In Act 4 of The Crucible, why does John Proctor decide to confess but refuse to sign a written confession?

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Edith Sykes eNotes educator | Certified Educator

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Proctor feels compelled to retract his confession because he admits that people more innocent and closer to God are going to be hung.  Particularly, Rebecca Nurse, who is an icon of virtue in the community.  She is scheduled to die with Proctor. 

Also, there is a practice that when someone confesses to witchcraft, their land is confiscated and sold at a discounted price.  So if Proctor goes ahead with his confession, being pressured by Danforth and Parris to sign his name to a written confession to be hung on the church door, he will lose his property and soil his name, not only for him, but for his sons.

Proctor cries, "It is my name," he will only have one in his life, therefore, in order to bring dignity and honor to the Proctor name John must retract his confession.  He can't bear the thought of living with a name that has been disrespected.  Since he confessed to the adultery with Abigail, Proctor feels like he is right with God.  He does not want to risk his immortal soul at this point.  His wife, Elizabeth, agrees.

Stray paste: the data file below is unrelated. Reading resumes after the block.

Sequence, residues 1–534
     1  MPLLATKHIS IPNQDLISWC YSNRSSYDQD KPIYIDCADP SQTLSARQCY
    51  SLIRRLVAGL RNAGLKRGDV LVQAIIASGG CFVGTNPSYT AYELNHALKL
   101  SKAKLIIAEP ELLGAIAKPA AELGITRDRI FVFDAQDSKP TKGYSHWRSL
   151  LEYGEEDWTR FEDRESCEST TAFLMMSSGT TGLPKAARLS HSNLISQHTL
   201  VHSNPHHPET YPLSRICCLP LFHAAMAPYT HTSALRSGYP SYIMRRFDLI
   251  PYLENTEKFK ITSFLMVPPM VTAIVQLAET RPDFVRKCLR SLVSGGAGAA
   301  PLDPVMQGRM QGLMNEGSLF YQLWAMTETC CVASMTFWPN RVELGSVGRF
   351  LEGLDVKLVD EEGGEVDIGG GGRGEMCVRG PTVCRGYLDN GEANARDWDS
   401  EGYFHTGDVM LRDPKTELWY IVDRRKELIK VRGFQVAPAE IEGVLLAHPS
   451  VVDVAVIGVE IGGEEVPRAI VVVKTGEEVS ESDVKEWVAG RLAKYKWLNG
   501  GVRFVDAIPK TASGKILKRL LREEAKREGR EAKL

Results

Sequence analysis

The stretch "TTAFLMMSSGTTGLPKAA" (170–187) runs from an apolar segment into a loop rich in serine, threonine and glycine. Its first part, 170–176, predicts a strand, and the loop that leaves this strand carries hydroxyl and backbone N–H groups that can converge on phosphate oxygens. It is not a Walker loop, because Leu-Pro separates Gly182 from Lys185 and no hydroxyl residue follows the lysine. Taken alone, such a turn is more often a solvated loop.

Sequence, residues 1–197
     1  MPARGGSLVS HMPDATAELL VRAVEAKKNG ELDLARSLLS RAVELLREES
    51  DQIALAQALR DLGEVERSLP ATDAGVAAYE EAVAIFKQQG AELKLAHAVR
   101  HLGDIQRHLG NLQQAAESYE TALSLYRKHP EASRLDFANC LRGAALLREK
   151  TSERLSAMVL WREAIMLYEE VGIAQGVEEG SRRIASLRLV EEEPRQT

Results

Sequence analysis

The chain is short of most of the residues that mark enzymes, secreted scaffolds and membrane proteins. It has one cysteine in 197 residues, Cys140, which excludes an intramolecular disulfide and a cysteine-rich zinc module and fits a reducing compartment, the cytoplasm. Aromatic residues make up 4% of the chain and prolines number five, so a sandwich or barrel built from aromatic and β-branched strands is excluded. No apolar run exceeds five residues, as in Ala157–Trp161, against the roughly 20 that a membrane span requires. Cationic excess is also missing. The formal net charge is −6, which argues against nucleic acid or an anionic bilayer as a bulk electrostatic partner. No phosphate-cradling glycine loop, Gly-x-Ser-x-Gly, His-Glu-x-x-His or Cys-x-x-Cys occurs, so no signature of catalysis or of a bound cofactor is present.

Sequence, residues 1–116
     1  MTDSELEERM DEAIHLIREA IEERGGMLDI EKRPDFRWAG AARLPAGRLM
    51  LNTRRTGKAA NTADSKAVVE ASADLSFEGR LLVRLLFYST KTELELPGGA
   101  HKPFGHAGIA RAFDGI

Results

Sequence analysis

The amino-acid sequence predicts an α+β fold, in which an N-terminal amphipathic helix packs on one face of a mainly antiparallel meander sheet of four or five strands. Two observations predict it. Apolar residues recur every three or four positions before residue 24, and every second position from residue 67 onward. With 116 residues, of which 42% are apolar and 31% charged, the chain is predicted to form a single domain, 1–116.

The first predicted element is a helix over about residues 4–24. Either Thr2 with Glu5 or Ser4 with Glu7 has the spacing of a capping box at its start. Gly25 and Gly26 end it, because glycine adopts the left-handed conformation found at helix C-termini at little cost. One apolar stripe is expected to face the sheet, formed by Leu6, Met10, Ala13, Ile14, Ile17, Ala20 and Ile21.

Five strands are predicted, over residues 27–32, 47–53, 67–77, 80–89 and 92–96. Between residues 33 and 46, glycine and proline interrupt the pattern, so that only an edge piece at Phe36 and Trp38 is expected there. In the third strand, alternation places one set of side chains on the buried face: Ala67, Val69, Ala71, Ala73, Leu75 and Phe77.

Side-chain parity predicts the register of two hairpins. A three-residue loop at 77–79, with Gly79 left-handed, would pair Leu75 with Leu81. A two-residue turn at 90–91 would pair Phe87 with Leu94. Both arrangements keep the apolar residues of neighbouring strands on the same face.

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rshaffer eNotes educator | Certified Educator

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What's in a name?  Everything.  At least that is how it used to be.  John Proctor has little issue with verbally saying that he is a witch, or even signing the document because a verbal statement is between him and his God.  But when Judge Danforth wants to post it on the church door, Proctor won't stand for it.  The difference between verbally saying something as opposed to putting it in writing is huge.  By stating he is a witch, John Proctor feels that giving them this lie verbally, is in line with his view of himself as a sinner in the eyes of God and a fraud in the eyes of the ones he loves.  However, posting his signed confession holds a deeper truth for John Proctor.  He is not willing to shame his God, his boys, his...

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